First things first. Let’s admit that when it comes to Donald Trump, those of us who loathe him are always chomping at the bits and impatiently waiting for the day he’s indicted and booked for the crimes he’s committed.
Now that we have that out of the way, the time has come to take a close look at the case that has already been filed against the Trump Organization and its CFO, Allen Weisselberg, who is facing decades behind bars if he doesn’t agree to cooperate with prosecutors and testify against his boss.
This leads us to an incredibly illuminating article from Andrea Bernstein of The New Yorker, who notes:
Even if no additional charges are filed, the former President’s company faces a potential reckoning. The charging documents and interviews with former prosecutors and white-collar defense lawyers indicate that the District Attorney is accumulating evidence of pervasive tax fraud. The case goes to the heart of what made—and still makes—Trump Trump.
Of course, as he so often does, Donald will likely toss Weisselberg under the bus and claim he had no idea that illegal activity was taking place at his company.
So is there any possible way to prove that Trump did indeed know Weissselberg was inflating the value of the Trump Organization in order to get loans from banks and then deflating the values when it came time to pay taxes?
One section of the indictment against Weisselberg and the Trump Organization shows that the former president won’t be able to claim ignorance of the crimes committed in his name:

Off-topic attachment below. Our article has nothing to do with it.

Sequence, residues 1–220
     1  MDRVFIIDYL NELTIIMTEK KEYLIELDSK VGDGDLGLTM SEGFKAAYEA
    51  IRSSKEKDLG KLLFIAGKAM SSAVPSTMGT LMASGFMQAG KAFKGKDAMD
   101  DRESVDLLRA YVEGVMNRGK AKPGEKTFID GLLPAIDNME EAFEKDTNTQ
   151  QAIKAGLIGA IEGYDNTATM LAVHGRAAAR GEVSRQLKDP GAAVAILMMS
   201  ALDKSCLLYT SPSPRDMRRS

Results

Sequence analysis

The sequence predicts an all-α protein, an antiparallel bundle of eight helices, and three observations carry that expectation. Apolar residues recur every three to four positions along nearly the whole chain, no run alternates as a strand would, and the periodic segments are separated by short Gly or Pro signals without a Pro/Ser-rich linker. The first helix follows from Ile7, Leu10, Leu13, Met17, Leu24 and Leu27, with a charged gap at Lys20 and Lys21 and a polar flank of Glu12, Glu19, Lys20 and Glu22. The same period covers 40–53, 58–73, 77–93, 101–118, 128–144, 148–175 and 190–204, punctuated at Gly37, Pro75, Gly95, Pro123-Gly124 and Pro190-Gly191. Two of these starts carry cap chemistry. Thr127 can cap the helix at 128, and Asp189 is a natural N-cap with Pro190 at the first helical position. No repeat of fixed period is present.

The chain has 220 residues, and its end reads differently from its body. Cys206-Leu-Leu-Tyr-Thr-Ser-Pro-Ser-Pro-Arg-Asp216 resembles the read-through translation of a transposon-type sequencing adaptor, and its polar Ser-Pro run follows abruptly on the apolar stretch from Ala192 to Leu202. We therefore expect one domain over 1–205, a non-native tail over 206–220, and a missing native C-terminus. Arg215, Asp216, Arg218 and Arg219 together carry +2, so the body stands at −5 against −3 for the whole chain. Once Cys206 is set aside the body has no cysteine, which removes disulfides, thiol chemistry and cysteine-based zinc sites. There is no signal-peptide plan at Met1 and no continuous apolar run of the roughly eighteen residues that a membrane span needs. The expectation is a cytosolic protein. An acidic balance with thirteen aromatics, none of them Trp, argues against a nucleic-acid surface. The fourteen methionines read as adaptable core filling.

People familiar with Trump’s legal battles also took notice of one element of the allegation: Weisselberg is described as making changes to something called “Donald J. Trump’s Detail General Ledger.” If true, the allegation would mean that, in addition to Weisselberg and Trump’s accountants keeping a set of records detailing the company’s finances, there was another ledger, one specifically maintained, the name implies, for Donald J. Trump. “My jaw literally dropped when I saw that,” Tristan Snell, a former New York assistant attorney general, who investigated claims of fraud against Trump University that resulted in a twenty-five-million-dollar settlement, said. “If there was a ledger for him, it blows up the notion that Trump didn’t know about it—it means there was a set of numbers prepared for Donald Trump.” Snell said the public disclosure of the separate ledger’s existence is a signal from the prosecutors to the former President: “We have your ledger.”
They have his ledger. And the ledger shows that crimes were committed and Donald Trump knew about them. He was fully aware of the massive levels of bank and tax fraud. He knew and he condoned it. It can even be said that he expected those who worked for him to do whatever was necessary to help him commit the fraud.
Donald Trump is going to prison. There’s no way to predict when, but it will happen. We’ll just have to tamp down our impatience and wait. But it certainly sounds like the wait will be worthwhile and richly rewarded.